Fear and loathing on the southern border

David Nakamura at the Washington Post seems to unintentionally highlight one of the biggest successes of the Trump administration to date and it deals with illegal immigration. He begins by casting a few stones at the President, saying that several of his border enforcement initiatives “have not gone very well” so far, specifically referring to court challenges to the travel ban, funding for the border wall and resources for expansion of ICE and the Border Patrol. There’s clearly some truth to those points (at least in the short term) but Nakamura goes on from there to claim that Trump is still making progress in his agenda because of the most potent weapon in his arsenal: fear.

But one strategy that seems to be working well is fear. The number of migrants, legal and illegal, crossing into the United States has dropped markedly since Trump took office, while recent declines in the number of deportations have been reversed.

Many experts on both sides of the immigration debate attribute at least part of this shift to the use of sharp, unwelcoming rhetoric by Trump and his aides, as well as the administration’s showy use of enforcement raids and public spotlighting of crimes committed by immigrants. The tactics were aimed at sending a political message to those in the country illegally or those thinking about trying to come.

The author immediately employs the widespread trick of conflating immigration and illegal immigration there when talking about “crimes committed by immigrants” but that’s now so common among liberal journalists that it’s barely worth mentioning.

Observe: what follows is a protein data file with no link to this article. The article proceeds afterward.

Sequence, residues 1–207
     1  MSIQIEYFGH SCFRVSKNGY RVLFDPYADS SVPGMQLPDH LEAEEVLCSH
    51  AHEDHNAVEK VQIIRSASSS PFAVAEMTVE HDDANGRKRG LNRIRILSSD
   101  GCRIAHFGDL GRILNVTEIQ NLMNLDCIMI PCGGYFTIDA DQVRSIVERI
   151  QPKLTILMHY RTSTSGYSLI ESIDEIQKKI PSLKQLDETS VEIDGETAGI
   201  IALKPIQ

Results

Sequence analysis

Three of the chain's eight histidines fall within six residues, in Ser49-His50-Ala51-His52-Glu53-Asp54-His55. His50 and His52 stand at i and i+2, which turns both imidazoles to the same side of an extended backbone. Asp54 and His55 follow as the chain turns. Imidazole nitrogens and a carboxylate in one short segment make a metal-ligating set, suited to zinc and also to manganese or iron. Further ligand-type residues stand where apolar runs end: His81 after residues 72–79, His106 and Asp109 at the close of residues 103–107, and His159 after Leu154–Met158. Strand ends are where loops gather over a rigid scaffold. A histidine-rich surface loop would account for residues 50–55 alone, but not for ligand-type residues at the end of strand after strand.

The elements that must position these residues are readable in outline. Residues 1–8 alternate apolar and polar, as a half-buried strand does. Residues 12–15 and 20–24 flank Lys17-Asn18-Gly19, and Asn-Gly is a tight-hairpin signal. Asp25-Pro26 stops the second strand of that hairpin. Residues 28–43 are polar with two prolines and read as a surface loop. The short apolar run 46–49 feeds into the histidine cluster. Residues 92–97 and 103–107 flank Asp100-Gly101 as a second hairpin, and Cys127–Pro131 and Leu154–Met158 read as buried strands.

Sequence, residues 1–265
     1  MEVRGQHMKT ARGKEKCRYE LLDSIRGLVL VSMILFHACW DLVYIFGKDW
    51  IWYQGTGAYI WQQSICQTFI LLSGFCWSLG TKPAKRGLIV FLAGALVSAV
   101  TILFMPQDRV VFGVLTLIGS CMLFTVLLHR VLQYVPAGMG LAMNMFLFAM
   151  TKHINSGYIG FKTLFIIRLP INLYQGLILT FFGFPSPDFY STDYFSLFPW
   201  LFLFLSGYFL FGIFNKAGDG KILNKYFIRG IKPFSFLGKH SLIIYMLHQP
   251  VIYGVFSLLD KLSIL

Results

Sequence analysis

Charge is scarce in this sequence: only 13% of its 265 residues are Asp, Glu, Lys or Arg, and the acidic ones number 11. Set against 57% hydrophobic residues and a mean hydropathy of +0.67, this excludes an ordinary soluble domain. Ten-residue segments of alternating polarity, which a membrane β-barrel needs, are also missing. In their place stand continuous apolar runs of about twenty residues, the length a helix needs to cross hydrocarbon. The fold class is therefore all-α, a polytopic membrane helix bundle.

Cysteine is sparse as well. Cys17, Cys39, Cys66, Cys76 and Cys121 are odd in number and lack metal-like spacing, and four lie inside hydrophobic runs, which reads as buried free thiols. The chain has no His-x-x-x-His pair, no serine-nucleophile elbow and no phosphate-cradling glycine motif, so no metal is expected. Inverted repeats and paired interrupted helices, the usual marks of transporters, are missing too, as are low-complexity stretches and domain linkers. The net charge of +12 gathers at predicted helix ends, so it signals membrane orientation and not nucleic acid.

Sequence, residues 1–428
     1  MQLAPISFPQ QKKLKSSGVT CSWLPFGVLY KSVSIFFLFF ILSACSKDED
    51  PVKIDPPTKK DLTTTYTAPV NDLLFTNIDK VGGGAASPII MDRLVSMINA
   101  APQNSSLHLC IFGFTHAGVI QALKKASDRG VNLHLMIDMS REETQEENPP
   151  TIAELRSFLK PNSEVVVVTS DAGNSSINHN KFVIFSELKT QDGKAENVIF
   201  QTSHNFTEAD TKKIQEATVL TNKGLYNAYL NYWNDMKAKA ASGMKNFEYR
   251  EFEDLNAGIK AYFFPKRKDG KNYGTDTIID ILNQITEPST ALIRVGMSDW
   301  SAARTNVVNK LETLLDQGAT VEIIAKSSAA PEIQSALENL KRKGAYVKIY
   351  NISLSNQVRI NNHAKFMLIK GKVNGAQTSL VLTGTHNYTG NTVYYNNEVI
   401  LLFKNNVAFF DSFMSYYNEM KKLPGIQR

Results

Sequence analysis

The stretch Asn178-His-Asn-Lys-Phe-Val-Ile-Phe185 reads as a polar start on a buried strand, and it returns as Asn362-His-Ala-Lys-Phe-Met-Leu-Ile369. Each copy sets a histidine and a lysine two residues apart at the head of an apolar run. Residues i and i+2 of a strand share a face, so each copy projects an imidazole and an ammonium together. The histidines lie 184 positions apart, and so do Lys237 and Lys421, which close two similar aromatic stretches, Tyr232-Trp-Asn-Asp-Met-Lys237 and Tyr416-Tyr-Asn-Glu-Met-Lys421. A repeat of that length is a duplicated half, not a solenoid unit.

What’s more to the point are the various quotes from activists in the “immigrant community” and former Obama era officials who continue talking about the defeats they’ve handed the President on his initiatives while simultaneously being forced to admit that he’s winning. As the author faithfully reports, the number of border jumpers being apprehended monthly has fallen by 70% between December and March, decreasing from approximately 40,000 to less than 12,200. At the same time, even without the full funding and staffing increases Trump was calling for, we arrested 21,362 illegal immigrants in the first three months of the year as compared to 16,104 during the same portion of 2015. That’s a serious uptick. Just doing some basic math on the back of the cocktail napkin here, if you have a lot less coming in and a larger number going out, the tide of illegal immigration is turning in the correct direction.

And that’s really the point if we cut through all the posturing and noise. You can talk all you like about Chuck Schumer “winning against Trump” in legislative battles, but on the subject of border security and illegal immigration these are the only metrics that count. On top of that, the wall (or at least a vastly improved fence covering more territory) is coming sooner or later. Hiring for ICE and the Border Patrol is already underway. These changes are coming despite all of the kicking and screaming going on among liberals. And the prospective targets of these enforcement activities and border safeguards know it.

Is that reluctance to cross the border illegally the result of “fear” on the part of would-be illegal aliens? Some of you are saying that like it’s a bad thing. Why? One of the biggest aspects of effective law enforcement in any sector of criminal activity is providing an effective deterrent. We actually want aspiring criminals of all types to be afraid to commit crimes, whether it’s illegal aliens, rapists or murderers. And if what we’re doing now is finally working we need to be doing more of it. Feel free to label it as “fear tactics” all you like. Law abiding citizens and lawful resident immigrants should not be afraid of their government. Illegal aliens and other criminals should be.